Q&A: King of Glory

Deacon’s Q&A: Who is this King of glory, mighty in battle?

Matenadaran Ms.3833

by Fr. Vazken Movsesian

(Written for the WD Deacons’ Chant, Autumn 2021)

Sunday after Sunday in the Armenian Church, we hear a question-and-answer session taking place during the Divine Liturgy. It’s the same Q&A session we have heard for centuries. In fact, it was heard loud and clear in churches last year, specifically on September 27, as Azeri’s began attacking and shelling Armenians in Artsakh.

The deacon, with the chalice in hands, approaches the priest and asks that the doors be opened for the “King of glory.” The priest asks, “Who is this King of glory? The Lord strong and mighty, the Lord mighty in battle?” (Ո՞վ է սա թագաւոր փառաց, Տէր հզօր զօրութեամբ իւրով, Տէր կարող ի պատերազմի). The questioning continues and upon his second inquiry, the deacon announces, “He is the King of glory!” (Սա ինքն է թագաւոր փառաց) and hands-off the chalice for the priest to prepare the Holy Eucharist.

It was the Psalmist who first framed the dialogue on behalf of a hurting world (Psalm 24:8-10). And it has been heard and overheard from altar areas ever since, during times of trouble and persecution just as it was last year in the midst of the 44-day war. In churches where Armenian souls congregate, the scene is repeated.

Priest: Who is the King of glory… mighty in battle?

Deacon: He is the King of glory!

With a war that cost us thousands of lives and the loss of land, another question surfaced: Who is this King, so mighty in battle, that we lost the war? Perhaps not as audible as the chants of the deacon in church, but definitely in the solitude of the mind, many were haunted by the reality of this question. We have heard it, and hear it often. More so, the Q&A of Psalm 24 is an issue of relevance: What is the relevance of our church service and our Faith to the events taking place in the world today? What is the connection between our actions Sunday morning and our response to the tragedies that take place during the rest of the week? Ultimately, what does it mean to proclaim God as almighty – mighty in battle – in the face of horrific tragedies that we endure?

When Abp. Hovnan Derderian first organized the Deacons Council last year, he did so to celebrate a ministry which often gets forgotten amidst ritual. During ordination, deacons are vested with rights and responsibilities which go beyond the Sunday worship service. Through the Deacons Council our intention was, and is, to exploit those gifts of the Holy Spirit entrusted to the deacon. It was only a couple of months after we began holding Council meetings that the War broke out in Artsakh. Immediately, the Deacons Council began collecting funds for the war effort and following their calling, the deacons began holding nightly prayer sessions, many of which were streamed and shared with sisters and brothers in Christ throughout the world. Each of those prayer services were invitations to the faithful to look within, to share with those in need the gifts and talents with which God has blessed us. In Holy Scripture, time and time again, we find our Lord Jesus teaching by example. When a tragedy befalls another, he touches them with his love (cf. Luke 7:11f) and asks us to do the same (Matthew 22:39). This is a calling for deacons, priests, and everyone.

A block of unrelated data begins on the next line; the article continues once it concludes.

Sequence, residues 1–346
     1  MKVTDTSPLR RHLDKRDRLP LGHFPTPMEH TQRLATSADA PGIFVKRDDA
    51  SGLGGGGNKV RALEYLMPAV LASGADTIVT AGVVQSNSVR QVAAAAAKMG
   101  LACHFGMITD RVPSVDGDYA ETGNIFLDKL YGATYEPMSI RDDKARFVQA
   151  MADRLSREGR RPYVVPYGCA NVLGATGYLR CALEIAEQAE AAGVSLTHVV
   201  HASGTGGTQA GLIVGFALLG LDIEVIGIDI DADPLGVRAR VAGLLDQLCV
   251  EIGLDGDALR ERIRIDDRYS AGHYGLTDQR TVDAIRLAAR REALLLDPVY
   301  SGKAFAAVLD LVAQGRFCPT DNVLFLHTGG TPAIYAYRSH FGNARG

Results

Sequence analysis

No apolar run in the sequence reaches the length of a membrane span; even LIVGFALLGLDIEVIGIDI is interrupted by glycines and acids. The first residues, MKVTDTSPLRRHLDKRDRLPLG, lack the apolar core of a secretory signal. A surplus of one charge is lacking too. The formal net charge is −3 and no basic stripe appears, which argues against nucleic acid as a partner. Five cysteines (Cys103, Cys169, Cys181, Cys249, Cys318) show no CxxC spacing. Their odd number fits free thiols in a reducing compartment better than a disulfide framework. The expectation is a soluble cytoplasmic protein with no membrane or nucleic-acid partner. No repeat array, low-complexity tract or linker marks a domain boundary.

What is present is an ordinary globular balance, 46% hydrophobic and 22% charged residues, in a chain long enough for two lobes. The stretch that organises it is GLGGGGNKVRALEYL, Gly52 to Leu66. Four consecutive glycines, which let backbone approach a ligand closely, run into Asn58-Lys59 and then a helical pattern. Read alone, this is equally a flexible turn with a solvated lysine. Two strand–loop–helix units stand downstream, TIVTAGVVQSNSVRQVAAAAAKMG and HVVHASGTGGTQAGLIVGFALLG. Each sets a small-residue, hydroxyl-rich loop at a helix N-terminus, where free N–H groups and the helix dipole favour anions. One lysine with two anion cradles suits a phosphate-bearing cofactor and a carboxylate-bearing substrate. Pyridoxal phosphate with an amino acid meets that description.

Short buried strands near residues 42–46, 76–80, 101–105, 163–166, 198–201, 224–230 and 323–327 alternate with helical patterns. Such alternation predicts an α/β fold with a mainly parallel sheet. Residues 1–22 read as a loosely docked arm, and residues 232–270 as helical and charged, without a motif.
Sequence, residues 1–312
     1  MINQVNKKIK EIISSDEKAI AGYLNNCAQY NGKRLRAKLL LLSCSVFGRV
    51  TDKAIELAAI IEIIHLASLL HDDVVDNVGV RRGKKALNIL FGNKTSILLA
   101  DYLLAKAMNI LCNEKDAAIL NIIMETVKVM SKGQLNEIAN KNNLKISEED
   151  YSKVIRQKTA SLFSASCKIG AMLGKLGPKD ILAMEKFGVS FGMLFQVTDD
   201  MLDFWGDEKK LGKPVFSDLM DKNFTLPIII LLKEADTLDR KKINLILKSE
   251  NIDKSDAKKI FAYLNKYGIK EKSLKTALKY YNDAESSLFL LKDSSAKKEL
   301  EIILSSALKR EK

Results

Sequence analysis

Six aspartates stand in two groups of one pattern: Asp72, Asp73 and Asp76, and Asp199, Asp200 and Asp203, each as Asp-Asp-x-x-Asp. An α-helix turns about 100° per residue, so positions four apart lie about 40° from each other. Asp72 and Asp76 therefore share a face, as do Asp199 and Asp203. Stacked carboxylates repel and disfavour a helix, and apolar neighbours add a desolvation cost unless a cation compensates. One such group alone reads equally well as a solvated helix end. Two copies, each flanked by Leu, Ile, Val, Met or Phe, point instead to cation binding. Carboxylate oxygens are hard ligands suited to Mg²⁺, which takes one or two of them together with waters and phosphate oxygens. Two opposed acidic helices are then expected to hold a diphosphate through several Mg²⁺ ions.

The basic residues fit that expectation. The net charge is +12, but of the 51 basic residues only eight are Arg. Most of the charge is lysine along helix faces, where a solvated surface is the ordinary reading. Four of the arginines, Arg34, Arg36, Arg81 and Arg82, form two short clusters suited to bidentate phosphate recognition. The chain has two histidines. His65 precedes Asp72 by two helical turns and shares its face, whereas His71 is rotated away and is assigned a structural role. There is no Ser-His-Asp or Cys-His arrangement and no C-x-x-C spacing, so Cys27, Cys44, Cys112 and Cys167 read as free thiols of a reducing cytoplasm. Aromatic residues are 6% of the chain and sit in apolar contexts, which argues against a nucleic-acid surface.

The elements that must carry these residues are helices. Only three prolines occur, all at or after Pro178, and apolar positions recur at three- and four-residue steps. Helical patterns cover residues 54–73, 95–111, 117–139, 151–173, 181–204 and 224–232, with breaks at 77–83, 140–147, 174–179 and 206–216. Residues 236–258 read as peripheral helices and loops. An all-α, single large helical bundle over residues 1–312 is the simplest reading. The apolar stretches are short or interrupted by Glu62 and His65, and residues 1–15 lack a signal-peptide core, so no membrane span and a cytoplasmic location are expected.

The ministry of the Deacon is defined by service and assistance (Acts 6). During the Divine Liturgy, the deacon is heard inviting people to worship. He beckons the congregation to stand in peace, to pray fervently, to listen in awe, to prepare themselves and to approach the Blessed Sacrament. Simply put, he calls everyone to celebrate the victory of Christ. His pronouncement “He is the King of glory!” is a response to the priest’s question and at the same time it is an invitation for us to engage in the Kingdom which is in our midst. “The kingdom of God does not come with observation,” says Christ our Lord, “Nor will they say, ‘See here!’ or ‘See there!’ For indeed, the Kingdom of God is within you.” (Luke 17:20-21)

“The King of glory mighty in battle,” is the answer the Deacon proclaims to the priest and in-turn to all of us, every Sunday. Sure, Christian apologists, saints and fathers of the Church bring their message and connection to the Psalmist’s inquiry, but today deacons invite us to explore, engage and discover the King of glory for ourselves. Just as they invite us to stand, to listen and to participate, so too, today the invitation is to witness “the King of glory mighty in battle” who is here answering us, our sufferings, our dilemmas, and our wars. By accepting the invitation, we engage in the Kingdom of God. We accept a call to responsibility. Indeed, the Kingdom of God is within you!

Today, as we remember the beginning of the War in Artsakh and the horrific events that followed, let us listen even more fervently to the proclamation: He is the King of glory – a King who resides with us and within us. Herein, we understand ourselves as members of a Kingdom and therefore accept responsibility for our lives and the world around us. Our Divine Liturgy and hence, our Church is calling us to this higher understanding of our Christian Faith, as members of the Kingdom, to engage in the struggles and sufferings that are all around us, not with a question but with the solid answer: He is the King of glory, mighty in battle.

-27 September 2021


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